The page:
Gubyaukgyi TempleTemple of Gubyaukgyi
Wetkyi-in Bagan Gubyaukgyi Temple
Temple of Gubyaukgyi near Wetkyi-in town northeast of ancient Bagan was founded by King Kyanzittha in the early twelfth cen. Under his rule, the kingdom experienced wealth and the building of large churches such as the Ananda and the Myazediagoda. Mahabodhi's architectural style shows Hindu influences, especially the tower, which is similar to that of another temple in Bagan, the Mahabodhi.
They are both founded on the Mahabodhi Temple of Bodh Gaya in India, the place where the Buddha achieved illumination about 2,500 years ago. Goopyaukgyi is a temple of a cavern; the first word of the temple name ("gu") means "cave". On the inside of the church and on the ceiling are painted remnants of old murals depicting Jataka storytelling, the histories of the former life of Buddha.
A vestibule with the entry to the temple projects out of the building. Part of the delicate stuccowork is still preserved, especially on the east face and the front door. There is a tip on the Gubyaukgyi temple. Contrary to most hangers and couch potatoes in Bagan, its shape is not bell-shaped or circular; its four sides are flat and decreasingly large at the top.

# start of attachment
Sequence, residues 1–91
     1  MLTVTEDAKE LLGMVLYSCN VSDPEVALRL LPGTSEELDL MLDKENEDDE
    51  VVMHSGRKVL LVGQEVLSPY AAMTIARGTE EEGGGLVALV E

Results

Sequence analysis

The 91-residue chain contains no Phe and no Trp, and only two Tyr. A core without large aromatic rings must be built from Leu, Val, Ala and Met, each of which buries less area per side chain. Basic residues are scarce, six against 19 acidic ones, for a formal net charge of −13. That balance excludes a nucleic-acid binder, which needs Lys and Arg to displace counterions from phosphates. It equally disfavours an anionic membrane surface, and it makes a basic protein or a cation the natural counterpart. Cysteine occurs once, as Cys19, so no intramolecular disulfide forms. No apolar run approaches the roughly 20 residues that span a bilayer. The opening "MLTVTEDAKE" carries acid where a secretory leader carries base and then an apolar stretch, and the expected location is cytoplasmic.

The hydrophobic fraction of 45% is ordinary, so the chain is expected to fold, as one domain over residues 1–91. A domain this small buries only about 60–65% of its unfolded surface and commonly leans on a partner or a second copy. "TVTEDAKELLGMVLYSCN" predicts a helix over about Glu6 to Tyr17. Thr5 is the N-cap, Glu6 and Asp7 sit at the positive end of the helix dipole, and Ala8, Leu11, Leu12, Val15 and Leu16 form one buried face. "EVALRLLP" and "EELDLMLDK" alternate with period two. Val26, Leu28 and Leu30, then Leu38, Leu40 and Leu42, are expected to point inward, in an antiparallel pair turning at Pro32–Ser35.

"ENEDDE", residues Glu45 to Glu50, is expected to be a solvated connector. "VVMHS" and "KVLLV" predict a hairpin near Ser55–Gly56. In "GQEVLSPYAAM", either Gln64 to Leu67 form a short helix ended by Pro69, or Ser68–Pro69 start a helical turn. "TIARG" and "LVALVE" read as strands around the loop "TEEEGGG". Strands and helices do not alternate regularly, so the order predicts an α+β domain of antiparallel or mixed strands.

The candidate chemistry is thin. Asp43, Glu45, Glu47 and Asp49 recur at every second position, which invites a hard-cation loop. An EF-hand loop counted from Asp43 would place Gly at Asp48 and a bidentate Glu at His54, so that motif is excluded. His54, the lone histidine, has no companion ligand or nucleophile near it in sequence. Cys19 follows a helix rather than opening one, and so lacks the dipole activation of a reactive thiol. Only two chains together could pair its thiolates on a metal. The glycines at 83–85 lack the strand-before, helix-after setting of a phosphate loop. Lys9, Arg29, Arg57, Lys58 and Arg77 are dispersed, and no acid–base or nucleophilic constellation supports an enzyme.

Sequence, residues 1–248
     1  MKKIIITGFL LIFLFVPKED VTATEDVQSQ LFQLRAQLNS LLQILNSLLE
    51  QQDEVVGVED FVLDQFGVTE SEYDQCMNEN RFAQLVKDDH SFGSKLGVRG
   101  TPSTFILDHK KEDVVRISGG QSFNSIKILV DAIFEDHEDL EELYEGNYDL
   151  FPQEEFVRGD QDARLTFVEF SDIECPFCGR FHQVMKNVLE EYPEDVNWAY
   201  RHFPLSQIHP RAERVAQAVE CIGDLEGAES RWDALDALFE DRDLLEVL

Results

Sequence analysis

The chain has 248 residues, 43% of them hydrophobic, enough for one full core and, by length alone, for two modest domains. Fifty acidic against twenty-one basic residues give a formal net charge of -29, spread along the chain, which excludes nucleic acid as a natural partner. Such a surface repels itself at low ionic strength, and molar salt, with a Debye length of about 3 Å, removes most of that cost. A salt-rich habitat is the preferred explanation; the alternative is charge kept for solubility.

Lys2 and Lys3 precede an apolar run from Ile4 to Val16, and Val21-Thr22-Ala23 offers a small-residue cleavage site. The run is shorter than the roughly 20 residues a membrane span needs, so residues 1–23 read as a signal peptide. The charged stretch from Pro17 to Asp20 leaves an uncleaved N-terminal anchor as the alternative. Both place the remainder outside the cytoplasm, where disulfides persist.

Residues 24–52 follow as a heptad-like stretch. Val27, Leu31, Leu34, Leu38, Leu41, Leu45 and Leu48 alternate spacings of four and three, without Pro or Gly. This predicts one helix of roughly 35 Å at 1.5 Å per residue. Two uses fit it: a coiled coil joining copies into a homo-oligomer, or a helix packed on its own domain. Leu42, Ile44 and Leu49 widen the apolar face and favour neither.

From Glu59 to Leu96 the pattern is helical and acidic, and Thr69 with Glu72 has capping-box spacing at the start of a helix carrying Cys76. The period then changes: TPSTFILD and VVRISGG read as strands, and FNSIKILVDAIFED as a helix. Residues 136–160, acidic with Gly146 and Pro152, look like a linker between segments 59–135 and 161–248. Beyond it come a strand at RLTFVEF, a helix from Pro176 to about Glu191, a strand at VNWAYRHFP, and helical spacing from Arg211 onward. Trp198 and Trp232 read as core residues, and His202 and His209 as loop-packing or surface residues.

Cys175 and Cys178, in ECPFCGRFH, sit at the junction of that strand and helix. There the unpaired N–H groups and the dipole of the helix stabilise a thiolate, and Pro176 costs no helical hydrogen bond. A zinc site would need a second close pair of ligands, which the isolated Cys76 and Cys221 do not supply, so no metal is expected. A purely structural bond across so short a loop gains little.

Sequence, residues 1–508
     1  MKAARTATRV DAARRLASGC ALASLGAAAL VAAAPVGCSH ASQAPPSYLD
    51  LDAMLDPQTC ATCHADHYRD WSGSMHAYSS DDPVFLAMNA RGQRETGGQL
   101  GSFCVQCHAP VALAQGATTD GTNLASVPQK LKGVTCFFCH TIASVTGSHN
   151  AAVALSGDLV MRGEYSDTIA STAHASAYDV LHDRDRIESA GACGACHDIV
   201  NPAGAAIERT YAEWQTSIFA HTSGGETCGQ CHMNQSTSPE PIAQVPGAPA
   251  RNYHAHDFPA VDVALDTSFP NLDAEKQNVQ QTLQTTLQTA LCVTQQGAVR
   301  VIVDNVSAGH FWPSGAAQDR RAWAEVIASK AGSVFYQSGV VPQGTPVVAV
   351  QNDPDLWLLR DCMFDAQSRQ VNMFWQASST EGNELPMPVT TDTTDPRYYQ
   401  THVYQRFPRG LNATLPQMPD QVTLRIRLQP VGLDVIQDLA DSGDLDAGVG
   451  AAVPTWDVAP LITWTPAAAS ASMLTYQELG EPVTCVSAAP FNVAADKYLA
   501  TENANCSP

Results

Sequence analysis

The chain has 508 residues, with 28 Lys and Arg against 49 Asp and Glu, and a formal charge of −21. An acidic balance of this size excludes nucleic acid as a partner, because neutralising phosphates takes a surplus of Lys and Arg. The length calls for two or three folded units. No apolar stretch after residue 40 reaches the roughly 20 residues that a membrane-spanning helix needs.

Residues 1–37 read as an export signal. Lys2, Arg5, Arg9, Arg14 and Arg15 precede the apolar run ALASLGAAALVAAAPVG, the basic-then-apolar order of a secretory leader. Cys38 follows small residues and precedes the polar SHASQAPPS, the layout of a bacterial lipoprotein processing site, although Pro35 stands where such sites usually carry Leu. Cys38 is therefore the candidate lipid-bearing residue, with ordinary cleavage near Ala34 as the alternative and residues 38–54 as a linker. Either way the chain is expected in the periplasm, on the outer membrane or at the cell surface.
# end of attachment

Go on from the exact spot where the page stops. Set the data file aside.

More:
Indoors, the temple is illuminated by natural light that shines through large pierced rock window. In the first room of the east doorway is a large Buddha picture sitting on a high plinth. This bricked, rendered picture is in the position of "Calling the Earth to witness". Behind the picture the walls and the ceilings above contain well-preserved mural paintings with Buddhistic representations.
Other rooms contain smaller pictures of the Buddha. At the north and southwest walls of Gubyaukgyi are mural paintings representing the 28 Buddhas named in Tripitaka, the old Buddhist scripts containing the Buddha's teaching. Taking pictures in the temple is not permitted, as the flashing lights would harm the old mural.